As the Gender Sexuality Alliance club begins to hold meetings this year, it’s focusing on the issues surrounding LGBTQ+ students at Park. According to adviser Mary Knudson, GSA hopes to advocate for a safe and welcoming school community.
“We have been talking a lot about how we see and feel the climate at Park is towards LGBTQ+ students and towards the idea of different gender identities and different sexual orientations,” Knudson said. “We’ve been talking about how we can do better as a school, and how as a club we could create content or start getting the word out to help us educate our school more about who we are and how to be an ally.”
The club aims not only to provide a safe space for students in the LGBTQ+ community, but also to hold important conversations about working towards an overall inclusive school community. Sophomore Tzziporah Leahy said the club is a way to bring LGBTQ+ students together and help them be themselves.
“It’s more than a hangout. It’s to spread awareness, bring people together and to make people more aware of LGBTQ+ (since) it’s not very widespread in school. When you first join, you can say whatever pronouns, sexuality, or gender you have, and there’s no question whatsoever,” Leahy said. “They just accept it.”
According to Knudson, the advisers and students are committed to creating change by having conversations with administration.
“The advisers of GSA (are) going to be meeting with Principal Paddock, and we’re going to be talking about being a voice for the students in the club. And then the students and advisors, in November, (are) supposed to go meet up with district representatives to talk about how SLP as a district could be more inclusive with LGBTQ+ students and identity,” Knudson said. “We also are thinking about making posters that we can put up around the school to raise awareness.”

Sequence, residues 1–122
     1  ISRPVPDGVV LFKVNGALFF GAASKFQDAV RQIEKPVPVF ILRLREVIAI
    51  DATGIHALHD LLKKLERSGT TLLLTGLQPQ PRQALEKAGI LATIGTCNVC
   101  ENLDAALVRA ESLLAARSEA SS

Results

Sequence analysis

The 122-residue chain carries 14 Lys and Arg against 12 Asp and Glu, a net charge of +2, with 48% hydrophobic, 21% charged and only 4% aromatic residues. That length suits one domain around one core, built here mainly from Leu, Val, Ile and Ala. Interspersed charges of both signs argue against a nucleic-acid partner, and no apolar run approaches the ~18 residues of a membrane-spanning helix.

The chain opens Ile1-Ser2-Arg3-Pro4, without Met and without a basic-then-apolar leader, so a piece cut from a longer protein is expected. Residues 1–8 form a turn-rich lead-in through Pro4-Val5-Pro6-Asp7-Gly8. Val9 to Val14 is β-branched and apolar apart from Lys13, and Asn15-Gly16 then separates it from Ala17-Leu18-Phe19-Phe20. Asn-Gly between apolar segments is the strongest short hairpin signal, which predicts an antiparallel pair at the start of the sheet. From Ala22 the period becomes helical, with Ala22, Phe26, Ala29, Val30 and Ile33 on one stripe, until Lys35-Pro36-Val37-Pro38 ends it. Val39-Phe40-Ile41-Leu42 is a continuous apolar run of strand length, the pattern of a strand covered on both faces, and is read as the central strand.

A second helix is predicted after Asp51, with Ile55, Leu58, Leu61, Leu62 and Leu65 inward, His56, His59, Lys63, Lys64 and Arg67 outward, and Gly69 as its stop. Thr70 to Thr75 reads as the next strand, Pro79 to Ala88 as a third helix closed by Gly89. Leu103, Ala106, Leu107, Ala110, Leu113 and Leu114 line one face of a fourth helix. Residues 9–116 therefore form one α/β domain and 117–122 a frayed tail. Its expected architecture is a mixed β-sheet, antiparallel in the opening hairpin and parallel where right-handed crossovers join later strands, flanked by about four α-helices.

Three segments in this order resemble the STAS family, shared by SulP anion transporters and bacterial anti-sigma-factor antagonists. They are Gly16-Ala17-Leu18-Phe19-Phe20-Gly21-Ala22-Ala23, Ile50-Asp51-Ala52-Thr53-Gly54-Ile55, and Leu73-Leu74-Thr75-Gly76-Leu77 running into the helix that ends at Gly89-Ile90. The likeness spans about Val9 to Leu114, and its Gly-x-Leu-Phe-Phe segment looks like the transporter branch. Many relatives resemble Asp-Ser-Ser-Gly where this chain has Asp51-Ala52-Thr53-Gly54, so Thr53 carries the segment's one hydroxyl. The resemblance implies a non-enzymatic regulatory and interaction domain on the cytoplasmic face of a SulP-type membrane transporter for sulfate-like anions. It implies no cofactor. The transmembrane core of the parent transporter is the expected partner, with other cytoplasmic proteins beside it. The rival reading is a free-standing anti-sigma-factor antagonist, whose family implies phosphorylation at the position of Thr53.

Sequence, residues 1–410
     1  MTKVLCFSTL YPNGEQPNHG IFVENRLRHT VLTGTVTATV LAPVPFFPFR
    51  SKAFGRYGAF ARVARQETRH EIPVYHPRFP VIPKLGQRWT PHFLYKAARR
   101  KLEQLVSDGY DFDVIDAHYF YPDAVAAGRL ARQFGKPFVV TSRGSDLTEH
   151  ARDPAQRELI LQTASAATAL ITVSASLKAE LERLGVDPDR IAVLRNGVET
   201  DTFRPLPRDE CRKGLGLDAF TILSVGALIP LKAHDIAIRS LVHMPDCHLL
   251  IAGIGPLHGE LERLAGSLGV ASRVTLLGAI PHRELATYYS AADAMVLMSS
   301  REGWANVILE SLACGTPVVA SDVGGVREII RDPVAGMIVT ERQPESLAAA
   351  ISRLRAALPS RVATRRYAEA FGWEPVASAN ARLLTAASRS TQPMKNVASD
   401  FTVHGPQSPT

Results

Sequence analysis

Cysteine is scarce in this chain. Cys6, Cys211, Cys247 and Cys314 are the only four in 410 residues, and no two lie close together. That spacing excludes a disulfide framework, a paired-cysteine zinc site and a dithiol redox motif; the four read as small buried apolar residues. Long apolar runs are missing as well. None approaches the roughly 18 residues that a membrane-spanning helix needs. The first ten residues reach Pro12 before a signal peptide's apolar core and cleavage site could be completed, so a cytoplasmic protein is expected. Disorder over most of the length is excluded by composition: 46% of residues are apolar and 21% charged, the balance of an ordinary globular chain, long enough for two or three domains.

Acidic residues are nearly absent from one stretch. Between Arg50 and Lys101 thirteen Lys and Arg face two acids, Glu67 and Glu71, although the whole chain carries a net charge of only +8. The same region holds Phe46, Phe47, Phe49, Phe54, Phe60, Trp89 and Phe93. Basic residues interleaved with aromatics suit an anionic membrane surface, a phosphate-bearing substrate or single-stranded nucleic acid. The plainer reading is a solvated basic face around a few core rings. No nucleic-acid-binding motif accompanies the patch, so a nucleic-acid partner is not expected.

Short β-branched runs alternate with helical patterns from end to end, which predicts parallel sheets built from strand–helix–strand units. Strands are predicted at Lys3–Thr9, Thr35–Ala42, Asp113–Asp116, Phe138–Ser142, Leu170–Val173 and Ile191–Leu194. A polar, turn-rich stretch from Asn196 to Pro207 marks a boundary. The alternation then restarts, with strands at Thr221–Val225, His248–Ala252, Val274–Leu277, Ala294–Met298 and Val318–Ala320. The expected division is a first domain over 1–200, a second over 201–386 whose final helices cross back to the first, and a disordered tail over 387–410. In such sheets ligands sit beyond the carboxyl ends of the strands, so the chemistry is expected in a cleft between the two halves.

Leahy said having a space such as GSA is crucial to making sure that curriculum and school environment is in line with GSA values and beliefs.
“It’s important because in the curriculum, no one talks about LGBTQ+,” Leahy said. “LGBTQ+ is known to the world. But people really don’t talk about it in the school and when I see those stickers on the school doors, like ‘this is a safe place,’ with a rainbow flag on it, I don’t know if they actually mean it.”
Knudson said she encourages all students, regardless of sexual orientation or gender, to participate in the group to help create change within Park.
“I would encourage students to join to build a community and family within SLP. And we need everybody on board if we want to change the climate and culture at SLP. We have to include everyone, we all need to be all along for the ride,” Knudson said. “Even if you don’t identify as somebody part of the LGBTQ+ community, it’s a good space to learn and to be a part of a movement and more inclusive school.”
Meetings are Wednesdays after school in room C367 from 3:30 – 4:15 p.m. The meetings are anonymous and no pre-registration is necessary to be involved, meetings are open to all.